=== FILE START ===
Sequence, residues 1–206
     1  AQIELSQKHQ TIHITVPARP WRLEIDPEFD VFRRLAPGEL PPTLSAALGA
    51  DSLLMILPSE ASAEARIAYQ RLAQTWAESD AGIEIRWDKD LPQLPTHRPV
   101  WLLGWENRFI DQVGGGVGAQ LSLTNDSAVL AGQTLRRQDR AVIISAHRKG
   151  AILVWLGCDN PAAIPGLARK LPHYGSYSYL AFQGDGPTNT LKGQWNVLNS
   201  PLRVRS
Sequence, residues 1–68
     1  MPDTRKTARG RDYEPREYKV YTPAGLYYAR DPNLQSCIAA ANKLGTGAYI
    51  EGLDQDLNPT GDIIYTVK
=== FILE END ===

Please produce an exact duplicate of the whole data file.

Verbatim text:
Sequence, residues 1–206
     1  AQIELSQKHQ TIHITVPARP WRLEIDPEFD VFRRLAPGEL PPTLSAALGA
    51  DSLLMILPSE ASAEARIAYQ RLAQTWAESD AGIEIRWDKD LPQLPTHRPV
   101  WLLGWENRFI DQVGGGVGAQ LSLTNDSAVL AGQTLRRQDR AVIISAHRKG
   151  AILVWLGCDN PAAIPGLARK LPHYGSYSYL AFQGDGPTNT LKGQWNVLNS
   201  PLRVRS
Sequence, residues 1–68
     1  MPDTRKTARG RDYEPREYKV YTPAGLYYAR DPNLQSCIAA ANKLGTGAYI
    51  EGLDQDLNPT GDIIYTVK